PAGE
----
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Re-examining ways to ‘know’ the Mahābhārata: Indology and beyond

Rohini Bakshi
Rohini BakshiJul 13, 2017 | 15:21

Re-examining ways to ‘know’ the Mahābhārata: Indology and beyond

One of the key skills budding academics are encouraged to develop when they embark on their course of study is epistemic vigilance. When we read a primary text or secondary sources we ought to inform ourselves meaningfully of biases and prejudices. Of agendas, overt or hidden.

How do we know what is being said is "true"? For everyone has an objective in mind when selecting information and presenting it- including me in this article.


Presentations of Indian history and religion in the last few centuries are prime examples. While Mughal chroniclers naturally lauded their masters, British colonial representations were driven by the need to make “native Indian subjects more sensible of the immense advantage accruing to them under the mildness and equity… [of British rule].”

Nationalist Indian historians in the 20th century challenged such colonial presentations. 19th century orientalists were considered by some to appreciate and glorify India’s ancient literature. Post-colonial scholars like Sharada Sugirtharaja destroy this romantic belief conclusively.

In this politically charged sea of academic discourse and under the tutelage of an extremely committed German Indologist, I have been partial to the narrative of German Indology – since I felt it did not have a colonial (or any) axe to grind.

This belief of mine is set to be challenged by a course organised by the Indic Academy at the Indira Gandhi National Centre for the Arts (IGNCA), in Delhi later this month. The course will be conducted by Proffesor Vishwa Adluri and Dr Joydeep Bagchee, authors of the acclaimed book The Nay Science: A History of German Indology.

Indic Academy is organising 'Meaning and History: The Mahabharta as Itihasa' at IGNCA from July 27.


“This book is the most devastating criticism of Indology and the historical-critical method till date", says Srinivas Udumudi, director - academics at the Indic Academy.

“The authors are uniquely qualified to conduct a course like this – they are accomplished philosophers in the Western Continental tradition, have studied the history of Christian theology, Ancient Greek classics as well as Indian texts deeply. They have made major contribution to Mahābhārata studies – working in English, German, French, Ancient Greek and Sanskrit languages,” Udumudi adds.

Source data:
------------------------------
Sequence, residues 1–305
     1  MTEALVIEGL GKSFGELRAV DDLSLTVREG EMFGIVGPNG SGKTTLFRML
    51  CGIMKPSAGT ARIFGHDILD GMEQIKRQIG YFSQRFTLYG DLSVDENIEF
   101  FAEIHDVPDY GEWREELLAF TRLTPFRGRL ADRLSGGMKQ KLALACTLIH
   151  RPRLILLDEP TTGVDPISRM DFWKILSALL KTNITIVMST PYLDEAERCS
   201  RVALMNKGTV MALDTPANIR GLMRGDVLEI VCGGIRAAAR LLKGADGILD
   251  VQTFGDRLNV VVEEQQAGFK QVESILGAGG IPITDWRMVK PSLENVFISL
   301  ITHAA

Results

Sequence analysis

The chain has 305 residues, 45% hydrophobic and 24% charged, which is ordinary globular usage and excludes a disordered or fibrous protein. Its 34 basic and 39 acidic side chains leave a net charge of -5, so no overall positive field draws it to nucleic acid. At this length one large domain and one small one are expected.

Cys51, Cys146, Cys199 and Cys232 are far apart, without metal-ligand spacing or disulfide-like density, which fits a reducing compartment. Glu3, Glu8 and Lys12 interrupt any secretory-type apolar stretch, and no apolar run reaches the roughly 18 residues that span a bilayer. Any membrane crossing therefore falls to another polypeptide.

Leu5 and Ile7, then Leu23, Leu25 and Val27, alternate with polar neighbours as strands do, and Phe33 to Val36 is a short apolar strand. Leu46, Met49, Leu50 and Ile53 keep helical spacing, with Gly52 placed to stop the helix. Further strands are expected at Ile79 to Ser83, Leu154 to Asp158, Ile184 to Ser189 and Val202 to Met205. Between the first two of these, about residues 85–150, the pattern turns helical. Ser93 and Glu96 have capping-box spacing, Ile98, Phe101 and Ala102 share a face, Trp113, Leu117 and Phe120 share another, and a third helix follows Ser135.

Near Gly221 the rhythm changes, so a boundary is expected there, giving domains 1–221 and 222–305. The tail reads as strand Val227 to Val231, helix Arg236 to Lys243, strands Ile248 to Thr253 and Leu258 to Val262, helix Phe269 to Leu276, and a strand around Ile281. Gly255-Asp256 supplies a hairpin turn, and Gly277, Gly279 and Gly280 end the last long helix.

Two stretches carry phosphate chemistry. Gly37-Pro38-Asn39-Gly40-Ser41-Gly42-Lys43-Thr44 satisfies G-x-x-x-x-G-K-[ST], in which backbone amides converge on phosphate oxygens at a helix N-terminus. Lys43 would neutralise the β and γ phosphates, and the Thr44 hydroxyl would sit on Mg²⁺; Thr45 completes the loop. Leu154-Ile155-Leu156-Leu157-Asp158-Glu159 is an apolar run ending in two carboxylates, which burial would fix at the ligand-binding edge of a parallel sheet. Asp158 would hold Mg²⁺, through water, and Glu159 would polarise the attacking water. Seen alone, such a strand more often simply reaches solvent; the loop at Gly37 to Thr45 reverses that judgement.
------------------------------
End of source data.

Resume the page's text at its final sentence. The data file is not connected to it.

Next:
Given its scope and the reputation of the conducting scholars, this course is the first of its kind in India. It aims to examine streams of Indology critically before delving into the philosophy of the Mahābhārata.

“This has obvious relevance to all such Indian texts and not just the Mahābhārata, and for a philosophical overcoming of Indology itself,” Udumudi explains.

Although the course is aimed at scholars and students, it is open to all enthusiasts of ancient Indian texts who wish to understand textual criticism and gain deep philosophical insights from the epic, and its most famous component, the Bhagavadgītā.

The course, which runs for four days will begin with an outline of critical approaches to the Mahābhārata including the role of western critics; a look at Mahābhārata as history; an examination of the Aryan Invasion and Inversion Hypothesis and finally criticisms of tradition and “Brahmanic” Hinduism.


Day two, which I am keenly looking forward to, will begin with an introduction to German Indology, followed by a look at secular criticism and their theological sources. Attendees will then be taught about textual criticism and higher criticism, and finally will be given an understanding of what the critical edition of the Mahābhārata is.

Day three is devoted to the Bhagavadgītā, including a search for an Ur-Gītā layers within the Gītā and something termed the "German Gītā" which I am very curious to learn about. The final session will concern a rejection of the commentarial tradition.

The last day is devoted to interpreting the Mahābhārata and will cover the many senses of dharma, front-end materials of the Ādiparvan, Nārāyaṇīya and Bhakti, and closes with a session termed Vasu and Double Transcendence, which again will be new learning for someone like me.

I ask what the objective of the course is. Udumudi is crystal clear and expansive in his articulation. “We want the audience to understand the methods employed by Indologists. They insert themselves between the text and the reader - positioning themselves as authorities, determining who wrote the text (author), why the text was written (authorial intention), when the text was written (dating and chronology), what the “correct” content of the text is (what content is interpolation and what is not, creating a “critical edition”), and eventually - how the text should be read (its meaning).” 

This leads to a more meaningful goal. “Finally, we want the participants to get beyond all these historical and "critical" interpretations, get to the text itself, and start appreciating its literary and philosophical depth. We want participants not see Mahābhārata as just a chaotic accrual of stories and didactic episodes over a period of time. We want them to see the narrative structure of the epic as a whole and understand the beauty of its plan,” Udumudi concludes.

(Indic Academy is a not-for-profit organisation which supports Indic scholarship by establishing platforms and networks for wider dissemination of ideas.) 

Last updated: July 13, 2017 | 15:21
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